How To Approach Your Wine Club
There are multiple considerations when starting a wine club. Structure, frequency, volume, and product choice are all important. While some decisions may be dependent on your production schedule, others are based on your desired brand perception and the goals of your club. As you set out to structure your new wine club, or if you’re reviewing the state of your current club, here are some things to consider.
Don’t Discount Your Product
When I first started a wine club, I thought that discounting the bottle price would attract new club members. This was a mistake—new club members were joining because they loved the experience we offered by visiting the vineyard and connecting with us, the people behind the product. The club offered a way to stay connected with us, our wines, and the place where these wines are grown and produced.
Our last post emphasized the reality that people aren’t just buying your wine—they are buying an experience. By becoming a wine club member, customers are raising their hand and saying, “Hey! I believe in what you do, how you do it, and love the product you make.” Wine club members are seeking belonging in a group, defined by your brand.
CONNECT with Customers
Customers will only assign the value that you define for your product. After watching what several other wineries were doing with their clubs, I did away with the discount on wine and focused squarely on connecting customers with the land, process, and us (the owners) we started to see an increase in club sign ups. We were selling the experience rather than the discount on wine.
Limit Discounts to Shipping
If you are going to discount anything, discount the shipping. It’s proven that discounting shipping is a great incentive to escalate club sales. For example, say you offer a 3, 6, or 12 bottle club that ships twice per year. Consider offering 25% off ground shipping for 3 bottles, 50% off ground shipping for 6 bottles, and no charge for ground shipping on case orders. It’s a nice offer and makes customers feel valued without degrading the value of your wine.
Keep Things Simple
As I developed the wine club, my mantra became Simplicity.
If you’re just starting out, keep your club options simple. Try basing your club choices solely on bottle increments. 3, 6 and 12 bottles choices are easy to manage and provides enough options to satisfy your customers.
Segment Your Messaging
It’s helpful to recognize that every club option you create requires a customized marketing approach. You might give different benefits to escalating club levels and will need to craft marketing messages to cater to each level. VineSpring integrates with MailChimp to make crafting and sending these marketing messages easy.
restrict your shipping options
Finally, if you are shipping wine to customers, only offer one shipping option, “Standard Delivery”. This frees you up to deliver the wine to your club members using the best carrier and method possible for each shipment. For example, you might ship via UPS Ground in California and FedEx 2-Day Air to Hawaii. Or in warm weather months, you might choose a cold chain option to locations that are hot. Whatever the case, Standard Delivery allows you, the admin, to decide which shipment method is best for that club shipment.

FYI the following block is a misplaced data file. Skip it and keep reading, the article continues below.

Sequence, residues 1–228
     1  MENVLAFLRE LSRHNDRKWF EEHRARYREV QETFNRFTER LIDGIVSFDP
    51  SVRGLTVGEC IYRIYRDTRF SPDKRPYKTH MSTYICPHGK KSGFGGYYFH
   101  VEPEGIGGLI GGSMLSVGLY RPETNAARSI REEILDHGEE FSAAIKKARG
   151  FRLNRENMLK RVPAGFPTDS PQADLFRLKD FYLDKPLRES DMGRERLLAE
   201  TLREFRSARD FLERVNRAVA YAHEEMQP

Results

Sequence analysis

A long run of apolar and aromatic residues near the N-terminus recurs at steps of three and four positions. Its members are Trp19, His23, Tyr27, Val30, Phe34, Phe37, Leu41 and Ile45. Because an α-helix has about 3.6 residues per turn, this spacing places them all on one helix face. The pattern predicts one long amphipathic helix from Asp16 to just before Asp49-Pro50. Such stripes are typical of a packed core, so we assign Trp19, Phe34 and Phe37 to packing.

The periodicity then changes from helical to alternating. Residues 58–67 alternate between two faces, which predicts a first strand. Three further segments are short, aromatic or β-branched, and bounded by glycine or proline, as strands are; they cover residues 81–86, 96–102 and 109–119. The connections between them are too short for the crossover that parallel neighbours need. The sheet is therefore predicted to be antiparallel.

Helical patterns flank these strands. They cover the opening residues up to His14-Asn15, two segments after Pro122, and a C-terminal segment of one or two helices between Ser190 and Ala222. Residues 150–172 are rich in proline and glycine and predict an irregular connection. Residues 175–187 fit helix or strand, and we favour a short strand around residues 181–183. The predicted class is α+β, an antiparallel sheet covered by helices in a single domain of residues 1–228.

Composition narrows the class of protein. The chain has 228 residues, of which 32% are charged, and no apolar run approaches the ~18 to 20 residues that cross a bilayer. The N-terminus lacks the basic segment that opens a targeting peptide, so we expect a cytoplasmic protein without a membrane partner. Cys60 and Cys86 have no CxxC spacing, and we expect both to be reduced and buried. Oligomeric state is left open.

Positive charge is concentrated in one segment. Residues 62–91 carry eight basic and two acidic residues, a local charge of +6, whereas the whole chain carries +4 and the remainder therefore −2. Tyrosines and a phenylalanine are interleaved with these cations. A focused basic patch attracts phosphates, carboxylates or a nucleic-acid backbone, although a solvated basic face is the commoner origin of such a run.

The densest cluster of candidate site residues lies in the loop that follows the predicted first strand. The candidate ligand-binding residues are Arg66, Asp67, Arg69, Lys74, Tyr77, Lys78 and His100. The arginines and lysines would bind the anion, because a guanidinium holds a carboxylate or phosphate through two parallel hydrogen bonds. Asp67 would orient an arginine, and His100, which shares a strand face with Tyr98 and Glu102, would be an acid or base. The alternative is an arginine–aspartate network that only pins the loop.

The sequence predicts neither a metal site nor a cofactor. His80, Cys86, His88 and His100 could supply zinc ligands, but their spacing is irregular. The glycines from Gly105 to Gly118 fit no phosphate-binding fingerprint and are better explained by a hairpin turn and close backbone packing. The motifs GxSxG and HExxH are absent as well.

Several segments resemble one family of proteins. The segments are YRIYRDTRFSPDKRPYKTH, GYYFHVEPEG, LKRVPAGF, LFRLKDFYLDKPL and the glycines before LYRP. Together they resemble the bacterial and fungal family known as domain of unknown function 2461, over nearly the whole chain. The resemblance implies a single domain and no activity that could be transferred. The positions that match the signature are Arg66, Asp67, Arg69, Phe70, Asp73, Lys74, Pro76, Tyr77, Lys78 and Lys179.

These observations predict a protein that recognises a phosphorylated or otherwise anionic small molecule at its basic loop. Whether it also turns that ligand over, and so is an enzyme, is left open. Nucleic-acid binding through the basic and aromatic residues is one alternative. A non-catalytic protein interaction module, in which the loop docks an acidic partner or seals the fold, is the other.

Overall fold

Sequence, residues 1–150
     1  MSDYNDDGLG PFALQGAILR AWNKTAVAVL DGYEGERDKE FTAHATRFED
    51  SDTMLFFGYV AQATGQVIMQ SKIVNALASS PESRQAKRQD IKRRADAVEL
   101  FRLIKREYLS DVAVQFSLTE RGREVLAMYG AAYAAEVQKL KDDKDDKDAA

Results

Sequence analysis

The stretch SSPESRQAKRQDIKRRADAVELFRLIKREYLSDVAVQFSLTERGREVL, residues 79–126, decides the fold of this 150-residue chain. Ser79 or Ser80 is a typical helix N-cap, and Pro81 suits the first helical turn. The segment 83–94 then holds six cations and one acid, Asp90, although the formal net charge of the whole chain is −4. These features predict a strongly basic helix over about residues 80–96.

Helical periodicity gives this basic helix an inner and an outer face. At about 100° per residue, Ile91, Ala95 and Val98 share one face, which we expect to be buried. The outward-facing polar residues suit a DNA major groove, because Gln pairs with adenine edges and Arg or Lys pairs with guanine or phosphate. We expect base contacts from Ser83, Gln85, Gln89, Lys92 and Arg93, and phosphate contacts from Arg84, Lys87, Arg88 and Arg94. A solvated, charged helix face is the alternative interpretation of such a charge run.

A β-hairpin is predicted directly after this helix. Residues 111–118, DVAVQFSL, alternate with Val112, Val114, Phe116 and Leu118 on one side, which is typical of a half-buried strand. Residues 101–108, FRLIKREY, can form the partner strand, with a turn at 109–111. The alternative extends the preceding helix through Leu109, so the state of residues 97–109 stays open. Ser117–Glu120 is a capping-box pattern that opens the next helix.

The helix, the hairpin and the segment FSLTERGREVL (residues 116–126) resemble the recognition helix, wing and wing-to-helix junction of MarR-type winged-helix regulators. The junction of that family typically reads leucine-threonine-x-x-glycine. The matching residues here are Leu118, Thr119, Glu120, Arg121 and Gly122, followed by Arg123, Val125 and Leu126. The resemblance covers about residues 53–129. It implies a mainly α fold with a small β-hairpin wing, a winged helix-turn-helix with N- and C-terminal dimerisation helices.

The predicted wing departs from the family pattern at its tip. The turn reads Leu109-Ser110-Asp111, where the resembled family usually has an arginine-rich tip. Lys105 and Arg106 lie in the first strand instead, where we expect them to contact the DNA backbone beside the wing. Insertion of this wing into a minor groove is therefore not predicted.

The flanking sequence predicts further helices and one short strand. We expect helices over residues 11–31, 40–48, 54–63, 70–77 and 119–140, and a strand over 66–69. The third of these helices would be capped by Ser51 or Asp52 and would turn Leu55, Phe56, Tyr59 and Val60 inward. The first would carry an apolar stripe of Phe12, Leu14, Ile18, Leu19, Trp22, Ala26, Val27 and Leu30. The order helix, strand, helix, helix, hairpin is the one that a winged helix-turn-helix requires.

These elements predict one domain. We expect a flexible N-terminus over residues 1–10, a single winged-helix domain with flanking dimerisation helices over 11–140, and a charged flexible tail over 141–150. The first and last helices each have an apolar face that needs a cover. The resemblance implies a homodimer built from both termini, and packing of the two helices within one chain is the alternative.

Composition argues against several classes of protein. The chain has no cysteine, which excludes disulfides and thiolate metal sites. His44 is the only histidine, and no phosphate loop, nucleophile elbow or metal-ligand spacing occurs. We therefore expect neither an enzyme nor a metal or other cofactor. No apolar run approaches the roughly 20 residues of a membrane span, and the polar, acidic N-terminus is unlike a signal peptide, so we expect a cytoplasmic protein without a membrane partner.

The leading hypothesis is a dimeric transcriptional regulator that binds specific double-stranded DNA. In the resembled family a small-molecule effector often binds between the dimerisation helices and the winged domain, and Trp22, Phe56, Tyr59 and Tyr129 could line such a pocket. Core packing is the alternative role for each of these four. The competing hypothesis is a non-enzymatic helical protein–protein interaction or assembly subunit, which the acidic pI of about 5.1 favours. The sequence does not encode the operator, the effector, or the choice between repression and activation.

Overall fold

Eliminate Barriers to Joining and Belonging to Your Club
Don’t make new members jump through hoops in order to join. I discourage barriers such as requiring a membership commitment for a set amount of time or requiring advanced payment. If someone is at your tasting room and wants to join, simply take their info and then treat them like any other member.
Set Expectations Up Front
Another way to eliminate friction for interested members is to attain addresses where people can accept wine and set delivery expectations up front. Joining a club is more of an emotional choice than it is logical. So, when things get difficult, the customer experience can be painful. Avoid that pain by ensuring that the customer gets their wine without having to deal with the tedious shipping experience that occurs when someone isn’t available to receive a package.
Give the customer control
Don’t make it difficult to update and change membership preferences. If this makes you nervous about possible cancellations that might occur if you make it easier to quit, use a system that provides communication automation so you can nurture your members and re-engage them if their behavior indicates that they intend to leave or have left. Don’t hold your members hostage.
Make your members feel really special
Offer this special group of customers perks in order to keep them engaged and connected to your winery. A few nice touches that make your members feel part of your exclusive group goes a long way.
Consider member perks such as:
Access to tours of the vineyard or winery
Access to first offering of special wines
Concierge service for providing recommendations to your favorite wineries
Invitations to exclusive events
Access to library or other special bottlings not available to the public
Free tasting when they join
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